Creating the common stack
The common stack contains the majority of the infrastructure. That includes the Step Functions state machine and Lambda functions to trigger and check the state of asynchronous jobs. It also includes IAM roles that the export stacks use, and the S3 bucket to store the exports.
To create the common stack, do the following:
- Choose this Launch Stack
- Choose I acknowledge that AWS CloudFormation might create IAM resources with custom names.
- Choose Create Stack.
Creating the table export stack
If you don’t have a DynamoDB table to export, follow the original blog post. Start with the Working with the Reviews stack section and continue until you’ve added the two Items to the table. Otherwise, feel free to point this CloudFormation stack at your favorite DynamoDB table that is using provisioned throughput. Tables that use on-demand throughput are not currently supported.
Because so much of this architecture is shareable, there’s not much in the table export stack. This stack defines the CloudWatch event used to trigger the Step Functions state machine with a JSON payload containing all the necessary metadata. Additionally, it contains the AWS Glue ETL job that exports the table and the AWS Glue Crawler that updates metadata in the AWS Glue Data Catalog.
Technically, you can define the AWS Glue ETL job in the common stack because it’s already parameterized. However, the default limit for concurrent runs for an AWS Glue job is three. This is a soft limit, but with this architecture you have headroom to export up to 25 tables before asking for a limit increase.
To create the table export stack, do the following:
- Choose this Launch Stack
- Choose an output format from the list. All the available formats are supported by Athena natively.
- Enter your DynamoDB table name.
- Enter the percentage of Read Capacity Units (RCUs) that the job should consume from your table’s currently provisioned throughput. This percentage is expressed as a float between 0.1 and 1.0 inclusive. The default is 0.25 (25 percent).
As an example: Suppose that your table’s RCUs are set to 100 and you use the default 0.25, 25 percent. Then the AWS Glue job consume 25 RCUs while running.
- Choose Create.
Kicking off a state machine execution
To demonstrate how this works, we run the DynamoDB export state machine manually by passing it the JSON payload that the CloudWatch event would pass to Step Functions.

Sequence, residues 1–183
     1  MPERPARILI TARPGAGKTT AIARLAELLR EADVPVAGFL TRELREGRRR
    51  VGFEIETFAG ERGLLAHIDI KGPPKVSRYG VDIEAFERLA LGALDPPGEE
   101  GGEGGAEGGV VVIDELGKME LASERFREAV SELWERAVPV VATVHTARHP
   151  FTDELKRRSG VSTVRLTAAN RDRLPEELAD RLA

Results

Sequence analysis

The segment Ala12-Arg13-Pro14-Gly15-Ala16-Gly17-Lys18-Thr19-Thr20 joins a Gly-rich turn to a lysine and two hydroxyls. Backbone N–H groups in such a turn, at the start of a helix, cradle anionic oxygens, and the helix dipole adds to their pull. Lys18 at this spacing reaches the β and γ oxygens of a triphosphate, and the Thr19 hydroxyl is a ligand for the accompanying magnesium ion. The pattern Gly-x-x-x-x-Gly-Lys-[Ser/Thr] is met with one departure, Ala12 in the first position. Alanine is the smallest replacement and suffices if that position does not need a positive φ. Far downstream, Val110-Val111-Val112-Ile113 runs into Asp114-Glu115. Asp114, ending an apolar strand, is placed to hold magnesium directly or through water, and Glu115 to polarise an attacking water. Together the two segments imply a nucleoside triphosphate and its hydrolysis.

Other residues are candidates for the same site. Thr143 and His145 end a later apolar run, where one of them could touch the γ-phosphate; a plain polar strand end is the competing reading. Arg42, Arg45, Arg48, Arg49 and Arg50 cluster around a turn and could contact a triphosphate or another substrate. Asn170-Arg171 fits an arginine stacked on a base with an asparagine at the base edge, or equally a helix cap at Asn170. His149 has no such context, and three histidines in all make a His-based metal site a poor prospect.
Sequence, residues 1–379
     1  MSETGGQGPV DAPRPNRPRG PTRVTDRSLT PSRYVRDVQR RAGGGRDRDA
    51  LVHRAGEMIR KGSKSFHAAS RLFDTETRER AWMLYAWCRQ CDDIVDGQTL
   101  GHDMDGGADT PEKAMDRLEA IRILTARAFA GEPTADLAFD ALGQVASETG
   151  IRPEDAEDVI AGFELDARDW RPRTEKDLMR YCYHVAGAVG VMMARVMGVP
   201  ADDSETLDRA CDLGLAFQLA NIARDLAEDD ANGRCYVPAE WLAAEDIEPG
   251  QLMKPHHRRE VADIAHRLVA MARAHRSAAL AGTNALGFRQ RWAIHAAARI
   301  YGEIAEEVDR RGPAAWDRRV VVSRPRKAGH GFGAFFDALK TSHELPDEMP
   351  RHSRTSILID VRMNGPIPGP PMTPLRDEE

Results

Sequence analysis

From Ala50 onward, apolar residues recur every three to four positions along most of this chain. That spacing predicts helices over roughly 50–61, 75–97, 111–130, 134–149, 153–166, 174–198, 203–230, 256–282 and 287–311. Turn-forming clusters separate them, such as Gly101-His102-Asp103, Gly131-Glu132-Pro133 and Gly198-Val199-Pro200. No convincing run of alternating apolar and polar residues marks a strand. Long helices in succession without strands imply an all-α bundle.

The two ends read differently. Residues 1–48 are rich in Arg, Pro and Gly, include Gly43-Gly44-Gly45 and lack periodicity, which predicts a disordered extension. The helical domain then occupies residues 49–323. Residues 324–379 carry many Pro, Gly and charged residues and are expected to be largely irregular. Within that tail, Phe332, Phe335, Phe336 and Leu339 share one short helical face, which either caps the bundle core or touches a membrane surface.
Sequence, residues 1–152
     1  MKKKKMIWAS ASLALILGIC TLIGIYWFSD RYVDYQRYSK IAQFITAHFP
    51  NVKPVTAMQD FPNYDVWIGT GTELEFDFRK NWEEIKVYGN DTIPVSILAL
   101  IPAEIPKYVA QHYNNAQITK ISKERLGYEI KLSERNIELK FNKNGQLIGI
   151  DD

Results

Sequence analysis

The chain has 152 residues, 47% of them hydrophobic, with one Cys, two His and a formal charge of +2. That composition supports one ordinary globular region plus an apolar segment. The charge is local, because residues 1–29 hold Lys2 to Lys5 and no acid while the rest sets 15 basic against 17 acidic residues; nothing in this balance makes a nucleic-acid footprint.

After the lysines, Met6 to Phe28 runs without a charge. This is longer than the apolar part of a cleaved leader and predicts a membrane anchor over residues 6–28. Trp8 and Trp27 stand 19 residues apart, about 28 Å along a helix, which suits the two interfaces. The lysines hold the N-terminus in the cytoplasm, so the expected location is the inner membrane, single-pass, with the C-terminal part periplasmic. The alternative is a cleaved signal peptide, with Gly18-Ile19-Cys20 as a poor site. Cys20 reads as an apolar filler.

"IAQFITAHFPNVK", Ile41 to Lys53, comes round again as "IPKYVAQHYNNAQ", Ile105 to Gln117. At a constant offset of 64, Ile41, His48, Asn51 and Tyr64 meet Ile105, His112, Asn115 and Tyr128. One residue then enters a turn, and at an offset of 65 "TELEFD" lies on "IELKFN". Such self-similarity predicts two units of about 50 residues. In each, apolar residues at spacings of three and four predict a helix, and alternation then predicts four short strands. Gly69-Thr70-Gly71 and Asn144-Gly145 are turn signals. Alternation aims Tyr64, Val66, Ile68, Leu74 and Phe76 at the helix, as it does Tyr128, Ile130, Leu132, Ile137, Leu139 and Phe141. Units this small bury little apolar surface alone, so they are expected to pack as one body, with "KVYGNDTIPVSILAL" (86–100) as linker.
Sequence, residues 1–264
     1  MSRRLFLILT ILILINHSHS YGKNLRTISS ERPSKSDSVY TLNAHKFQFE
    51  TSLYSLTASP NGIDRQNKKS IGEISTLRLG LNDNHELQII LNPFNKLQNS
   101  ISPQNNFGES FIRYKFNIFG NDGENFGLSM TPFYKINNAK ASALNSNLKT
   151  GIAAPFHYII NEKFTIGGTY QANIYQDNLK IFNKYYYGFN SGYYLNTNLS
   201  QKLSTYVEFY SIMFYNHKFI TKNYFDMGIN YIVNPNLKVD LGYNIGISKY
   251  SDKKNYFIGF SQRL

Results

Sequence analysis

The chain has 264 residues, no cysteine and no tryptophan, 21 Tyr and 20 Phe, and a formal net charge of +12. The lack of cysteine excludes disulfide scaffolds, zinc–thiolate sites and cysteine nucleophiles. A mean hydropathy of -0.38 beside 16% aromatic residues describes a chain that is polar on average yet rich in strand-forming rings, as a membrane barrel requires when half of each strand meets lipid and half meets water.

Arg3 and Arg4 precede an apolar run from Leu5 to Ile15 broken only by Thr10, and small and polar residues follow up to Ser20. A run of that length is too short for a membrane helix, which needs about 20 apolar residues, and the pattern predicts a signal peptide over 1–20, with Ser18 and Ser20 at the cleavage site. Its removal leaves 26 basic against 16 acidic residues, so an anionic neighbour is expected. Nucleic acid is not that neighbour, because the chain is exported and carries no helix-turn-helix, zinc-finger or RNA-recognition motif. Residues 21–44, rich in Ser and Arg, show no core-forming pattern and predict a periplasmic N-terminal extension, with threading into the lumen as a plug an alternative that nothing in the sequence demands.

Getting the JSON payload from CloudWatch Events
To get the JSON payload, do the following:
- Open CloudWatch in the AWS Management Console.
- In the left column under Events, choose Rules.
- Choose your rule from the list. It is prefixed by AWSBigDataBlog-.
- For Actions, choose Edit.
- Copy the JSON payload from the Configure input section of Targets.
- Choose Cancel to exit edit mode.
Starting a state machine execution
To start an execution of the state machine, take the following steps:
- Open Step Functions in the console.
- Choose the DynamoDBExportAndAthenaLoad state machine.
- Choose Start execution.
- Paste the JSON payload into the Input
- Choose Start execution.
There are a few ways to follow along with the execution. As steps are entered and exited, entries are added to the Execution event history list. This is a great way to see what state (event in Lambda speak) is passed to each step, in case you need to debug.
You can also expand the Visual workflow. It’s a great high-level view to see how the workflow is progressing.
After the workflow is finished, you see two new tables under the dynamodb_exports database in your AWS Glue Data Catalog. Your DynamoDB snapshots table name is prefixed with snapshots_. The schema is formatted for the AWS Glue Data Catalog (lowercase and hyphens transformed to underscores). You also have a view table with the same table name formatted for AWS Glue Data Catalog but without the snapshots_ prefix.
Querying your data
To showcase how having a separate view table of the most recent snapshot of a table is useful, I use the Reviews table from the previous blog post. The table has two items. I have also run the export workflow twice. As you can see when you preview the table, there are four items total. That’s because each snapshot contains two items.
From the items, the latest snapshot_timestamp is 2019-01-11T23:26. When I run the same preview query against the view table reviews, we see that there are only two items, which is what we expect. The view takes care of specifying the where snapshot_timestamp=… clause so you don’t have to.
In this post, I showed you how to use AWS Glue’s DynamoDB integration and AWS Step Functions to create a workflow to export your DynamoDB tables to S3 in Parquet. I also show how to create an Athena view for each table’s latest snapshot, giving you a consistent view of your DynamoDB table exports.
About the Author
Joe Feeney is a Software Engineer at Amazon Go, where he does secret stuff and he’s quite chuffed with that. He enjoys embarrassing his family by taking Mario Kart entirely too seriously.